Newspapers and magazines have so much misinformation about Chinese characters that I seldom bother to mention specific instances. But I expect better than this from the New York Times, even though this is but soft news:
The two designers chose 20 stellar examples of a concept defined by the Japanese ideogram katei. It is the joining of two symbols — ka being house and tei being garden — that defines home in Japanese.
Oy. First, katei is not written with one “ideogram” [sic] but two Chinese characters / kanji:
(Somebody help me out if I got that wrong. I don’t know Japanese.) In Mandarin this is jiātíng, meaning “family.” Nishikawa Yūko has a long discussion about notions of katei in “The Modern Japanese Family System: unique or universal?” (Multicultural Japan. Palaeolithic to Postmodern. Donald Denoon, Mark Hudson, Gavan McCormack, and Tessa Morris-Suzuki, eds. Cambridge University Press, pp. 224-232).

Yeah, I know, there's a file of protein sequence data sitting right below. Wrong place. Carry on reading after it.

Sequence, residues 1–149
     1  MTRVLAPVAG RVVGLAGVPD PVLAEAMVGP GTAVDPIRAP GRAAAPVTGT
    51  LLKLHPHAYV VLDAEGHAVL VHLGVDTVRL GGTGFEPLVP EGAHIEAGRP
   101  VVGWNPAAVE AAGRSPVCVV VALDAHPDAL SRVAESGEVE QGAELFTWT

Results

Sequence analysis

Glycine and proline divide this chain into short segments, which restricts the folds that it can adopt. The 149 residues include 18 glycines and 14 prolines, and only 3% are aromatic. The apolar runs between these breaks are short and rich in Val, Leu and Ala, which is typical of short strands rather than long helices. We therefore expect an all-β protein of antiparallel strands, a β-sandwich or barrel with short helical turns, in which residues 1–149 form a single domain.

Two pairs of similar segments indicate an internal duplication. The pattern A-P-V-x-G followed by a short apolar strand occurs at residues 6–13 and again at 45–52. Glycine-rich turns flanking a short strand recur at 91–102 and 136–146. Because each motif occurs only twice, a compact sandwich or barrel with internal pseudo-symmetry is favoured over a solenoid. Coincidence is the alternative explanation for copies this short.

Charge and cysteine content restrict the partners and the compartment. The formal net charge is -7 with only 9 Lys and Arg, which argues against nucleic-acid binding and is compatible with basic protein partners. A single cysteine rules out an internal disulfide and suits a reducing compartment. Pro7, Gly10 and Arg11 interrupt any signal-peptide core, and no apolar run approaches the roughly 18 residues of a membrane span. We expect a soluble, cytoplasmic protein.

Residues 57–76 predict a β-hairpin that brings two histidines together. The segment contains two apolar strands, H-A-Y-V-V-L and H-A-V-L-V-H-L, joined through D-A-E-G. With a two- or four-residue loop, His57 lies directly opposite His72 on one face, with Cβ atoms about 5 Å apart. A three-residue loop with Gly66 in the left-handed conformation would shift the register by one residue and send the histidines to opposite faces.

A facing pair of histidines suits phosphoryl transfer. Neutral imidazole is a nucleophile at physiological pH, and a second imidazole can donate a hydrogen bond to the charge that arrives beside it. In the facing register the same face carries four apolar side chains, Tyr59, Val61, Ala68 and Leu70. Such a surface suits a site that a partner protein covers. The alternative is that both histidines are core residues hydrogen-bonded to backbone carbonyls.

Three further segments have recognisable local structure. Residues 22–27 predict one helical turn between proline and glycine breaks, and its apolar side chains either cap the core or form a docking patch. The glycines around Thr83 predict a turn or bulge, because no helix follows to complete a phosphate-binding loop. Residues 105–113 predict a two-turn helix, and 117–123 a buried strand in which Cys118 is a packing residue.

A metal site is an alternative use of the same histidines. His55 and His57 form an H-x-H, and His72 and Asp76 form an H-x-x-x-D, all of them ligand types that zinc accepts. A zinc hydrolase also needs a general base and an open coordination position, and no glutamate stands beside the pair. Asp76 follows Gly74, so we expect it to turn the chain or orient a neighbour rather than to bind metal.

Third, the Japanese language is not defined by symbols. Language comes first, writing later.
Fourth, calling Chinese characters “symbols” is at best problematic; this is part of what feeds the ideographic myth. (See the second point.)
I’m all for good design, but it shouldn’t be explained in terms of myths. Otherwise, perhaps architects and interior designers should be putting functioning pigpens inside houses, or at least a little covered shrine to a pig. After all, if we’re going to be guided by how characters look, is not the very essence of “home” (家) in Japan and China defined by having a pig (豕) under a roof (宀)?
source: Homes and Gardens, Living in Harmony, New York Times, March 9, 2006